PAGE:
Buildings Insurance What you need to know

John Ward is the Managing Director of Insight Property Consultancy who provide a diverse range of service to the property sector.   

Buildings Insurance – What you need to know

Buildings insurance is one of the main and highest value items in the service charge but also one of the most important item.

The buildings insurance is required under the terms of the lease but this is not the only or main reason to have it. The insurance is there to protect the building against any damage as well as protect the service charge from covering the costs of repair such consequences as water or storm damage.

In this article I will explain the main aspects of the buildings insurance to be aware of.

Buildings Insurance Valuation

To ensure the building is insured correctly the re-build valuation of the building needs to be undertaken on a 3-5 year basis.

This is to ensure the building is covered to correct monetary value. If it is not then it will be undervalued which could cause issues when it comes to insurance claims.

Whilst it may not affect simple water claims it will affect larger claims from floods, storm damage or subsidence and heave.

The insurance valuation needs to be undertaken by a qualified surveyor and an official report is submitted to both the client and the insurance company and is reflected in the premium.

Insured Risk

One of the most important items on the schedule of insurance is checking to see what risks you are insured for.

Whilst most insurance companies and Managing Agents will ensure the cover is correct there is no harm in checking the schedule to ensure the building is covered for the right risks such as the following;

  • Water damage
  • Subsidence
  • Flood damage
  • Legal costs
  • Heave
  • Engineering (Lifts & Mechanical Equipment)

These are the main risks however the building might also have specialist equipment such as solar panels which needs to be confirmed with the insurance company that is listed and insured.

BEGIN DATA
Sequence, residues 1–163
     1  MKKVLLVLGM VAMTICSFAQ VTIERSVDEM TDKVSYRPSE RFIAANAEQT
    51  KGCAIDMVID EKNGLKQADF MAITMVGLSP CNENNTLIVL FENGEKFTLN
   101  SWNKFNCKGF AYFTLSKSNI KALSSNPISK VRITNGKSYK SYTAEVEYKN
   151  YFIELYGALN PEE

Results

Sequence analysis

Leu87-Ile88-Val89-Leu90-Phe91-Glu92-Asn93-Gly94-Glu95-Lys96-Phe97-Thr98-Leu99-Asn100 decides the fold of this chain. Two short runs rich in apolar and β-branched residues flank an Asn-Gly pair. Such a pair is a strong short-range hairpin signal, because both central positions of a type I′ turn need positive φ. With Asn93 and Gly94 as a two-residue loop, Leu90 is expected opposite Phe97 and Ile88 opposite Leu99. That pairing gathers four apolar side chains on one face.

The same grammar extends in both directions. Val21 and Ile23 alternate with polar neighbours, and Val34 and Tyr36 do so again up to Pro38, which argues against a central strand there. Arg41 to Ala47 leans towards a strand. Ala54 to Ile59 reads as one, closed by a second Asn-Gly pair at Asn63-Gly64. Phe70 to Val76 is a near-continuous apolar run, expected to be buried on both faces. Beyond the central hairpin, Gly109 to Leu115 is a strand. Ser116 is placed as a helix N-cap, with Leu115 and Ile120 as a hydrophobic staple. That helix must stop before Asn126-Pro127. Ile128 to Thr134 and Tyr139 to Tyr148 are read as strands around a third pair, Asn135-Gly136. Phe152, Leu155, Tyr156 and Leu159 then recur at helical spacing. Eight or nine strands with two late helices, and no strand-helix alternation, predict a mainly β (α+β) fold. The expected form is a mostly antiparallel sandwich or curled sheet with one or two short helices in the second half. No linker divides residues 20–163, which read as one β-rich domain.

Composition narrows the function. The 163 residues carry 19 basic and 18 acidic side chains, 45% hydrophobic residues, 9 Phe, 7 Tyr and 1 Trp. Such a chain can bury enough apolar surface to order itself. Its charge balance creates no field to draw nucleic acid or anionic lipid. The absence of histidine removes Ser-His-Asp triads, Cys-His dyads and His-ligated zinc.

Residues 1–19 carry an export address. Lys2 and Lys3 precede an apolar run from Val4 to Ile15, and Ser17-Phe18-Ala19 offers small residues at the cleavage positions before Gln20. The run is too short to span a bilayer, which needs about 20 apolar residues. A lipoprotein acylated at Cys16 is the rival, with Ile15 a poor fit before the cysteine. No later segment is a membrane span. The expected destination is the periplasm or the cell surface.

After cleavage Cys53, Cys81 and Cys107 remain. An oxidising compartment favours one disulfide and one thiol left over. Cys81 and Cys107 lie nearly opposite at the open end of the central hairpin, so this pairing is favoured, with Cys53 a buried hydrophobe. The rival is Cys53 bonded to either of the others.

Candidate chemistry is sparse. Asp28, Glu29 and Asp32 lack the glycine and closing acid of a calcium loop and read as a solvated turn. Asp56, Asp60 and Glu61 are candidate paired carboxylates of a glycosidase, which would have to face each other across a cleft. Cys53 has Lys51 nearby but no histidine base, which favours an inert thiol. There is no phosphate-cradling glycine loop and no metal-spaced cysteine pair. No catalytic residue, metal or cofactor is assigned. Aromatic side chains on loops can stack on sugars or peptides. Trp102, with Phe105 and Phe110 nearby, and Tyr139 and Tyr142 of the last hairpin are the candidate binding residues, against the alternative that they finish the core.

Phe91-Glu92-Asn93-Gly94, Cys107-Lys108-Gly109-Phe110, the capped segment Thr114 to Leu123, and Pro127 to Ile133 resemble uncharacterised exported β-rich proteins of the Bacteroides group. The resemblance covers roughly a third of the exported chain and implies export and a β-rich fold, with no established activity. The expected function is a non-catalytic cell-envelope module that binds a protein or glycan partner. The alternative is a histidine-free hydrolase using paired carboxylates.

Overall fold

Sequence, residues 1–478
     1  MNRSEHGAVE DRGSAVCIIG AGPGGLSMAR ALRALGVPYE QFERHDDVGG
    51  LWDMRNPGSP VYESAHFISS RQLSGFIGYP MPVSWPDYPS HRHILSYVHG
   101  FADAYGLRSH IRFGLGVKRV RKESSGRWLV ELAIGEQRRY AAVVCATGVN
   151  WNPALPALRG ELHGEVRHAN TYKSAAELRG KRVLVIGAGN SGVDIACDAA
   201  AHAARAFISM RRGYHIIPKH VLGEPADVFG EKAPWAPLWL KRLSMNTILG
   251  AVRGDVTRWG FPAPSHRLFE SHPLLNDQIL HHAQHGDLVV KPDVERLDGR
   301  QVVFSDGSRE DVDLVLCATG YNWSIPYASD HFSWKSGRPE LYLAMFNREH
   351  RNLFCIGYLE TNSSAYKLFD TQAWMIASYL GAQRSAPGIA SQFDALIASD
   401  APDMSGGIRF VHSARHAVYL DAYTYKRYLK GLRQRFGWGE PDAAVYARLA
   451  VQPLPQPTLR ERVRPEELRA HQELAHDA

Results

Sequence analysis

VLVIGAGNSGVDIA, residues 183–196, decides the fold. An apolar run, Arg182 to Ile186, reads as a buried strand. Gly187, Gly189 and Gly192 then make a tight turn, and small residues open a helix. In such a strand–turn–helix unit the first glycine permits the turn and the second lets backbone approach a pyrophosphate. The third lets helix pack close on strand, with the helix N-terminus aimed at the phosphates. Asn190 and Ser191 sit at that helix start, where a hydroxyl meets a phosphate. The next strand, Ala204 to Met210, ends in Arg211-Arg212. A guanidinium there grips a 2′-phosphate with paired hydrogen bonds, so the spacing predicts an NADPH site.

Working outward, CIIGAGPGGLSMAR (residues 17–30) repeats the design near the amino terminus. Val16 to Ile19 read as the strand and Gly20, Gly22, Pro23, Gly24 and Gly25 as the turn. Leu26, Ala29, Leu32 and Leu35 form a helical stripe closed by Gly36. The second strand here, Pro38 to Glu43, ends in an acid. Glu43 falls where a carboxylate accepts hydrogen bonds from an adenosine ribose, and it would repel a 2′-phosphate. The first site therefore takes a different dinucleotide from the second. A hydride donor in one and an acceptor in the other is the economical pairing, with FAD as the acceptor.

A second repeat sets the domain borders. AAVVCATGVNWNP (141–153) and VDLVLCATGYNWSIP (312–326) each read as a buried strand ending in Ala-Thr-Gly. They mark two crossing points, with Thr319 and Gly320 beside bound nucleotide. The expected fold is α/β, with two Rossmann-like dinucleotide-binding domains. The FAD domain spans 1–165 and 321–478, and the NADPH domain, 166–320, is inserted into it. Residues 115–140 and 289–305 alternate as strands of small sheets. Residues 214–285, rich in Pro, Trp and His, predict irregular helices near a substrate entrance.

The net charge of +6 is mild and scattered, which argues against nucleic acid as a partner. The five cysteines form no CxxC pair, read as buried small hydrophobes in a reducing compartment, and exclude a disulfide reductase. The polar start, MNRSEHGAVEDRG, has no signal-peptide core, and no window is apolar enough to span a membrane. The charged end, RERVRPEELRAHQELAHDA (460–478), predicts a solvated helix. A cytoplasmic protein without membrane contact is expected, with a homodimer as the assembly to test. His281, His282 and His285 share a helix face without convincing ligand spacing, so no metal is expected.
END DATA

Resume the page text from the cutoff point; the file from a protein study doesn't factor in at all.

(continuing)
Fixtures & Fittings

The buildings insurance is undertaken on behalf of the landlord and as such all the landlord’s fixtures and fittings are covered under the insurance.

The question is what is understood to be fixtures and fittings? When you first buy an apartment, whatever is fixed into the apartment would be the landlords fixtures and fittings.

The easiest way of understanding this would be to hypothetically turn your home upside down and whatever does not come out would be covered under the insurance.

However, there are areas of contention on this, the main one being carpets or wooden floors. A lot of insurance companies will not pay out for damage to the carpets or wooden floors claiming they are not a landlord’s fixture or fitting.

This can be disputed on the basis that if you bought the lease from the landlord and they are the same wooden floors or carpets then they are the landlords and therefore are covered.

However, there is an exception to this. If you bought the apartment from another person and they have changed the original flooring and not informed or requested permission from the landlord then the insurance company has the right to refuse the claim as it is not the original landlords fitting.

So it is imperative that if you make any changes to the landlords fixtures and fittings you have permission to do so from the landlord which will ensure they accept the new change and it will become the new landlords fixture and fitting.

Claims Management

The management of the claims by the Managing Agents is one of the most important parts of their services and functions. Ensuring efficient claims management is there to ensure the works are not over priced and the works are done to the correct standard.

This includes claims for works done in the apartments and these can be the most important claims which need to be managed as the contractors can be chosen by the leaseholders which could mean they choose contractors they know which could lead to inflated prices if left unchecked.

The quotes which are submitted are checked and reviewed by loss adjusters who work for the insurance brokers. Whilst the loss adjusters work for the insurance brokers they can still be answerable to the leaseholders and as such they can be requested to scrutinise quotes in more depth.

If the quotes are not scrutinised and are just signed off then this will increase the claims vs premium variance. It is this varience which increases or decreases the premium.

If the amount paid out is more than the premium, then it does not become financially viable for the insurance company to insure the building and as such one of two things will happen.

  1. The insurance premium will increase.
  2. The excess will increase to above the average claim amount thus forcing a decrease in the amount of claims to be submitted and decreasing the premium vs claims variance.

By controlling this variance, the leaseholders will have greater influence over reducing the premium and bringing down the overall service charge.

Whilst the above is not an exhausted list all the area of insurance which needs to be noted, they are the areas which help understand and control the area of buildings insurance.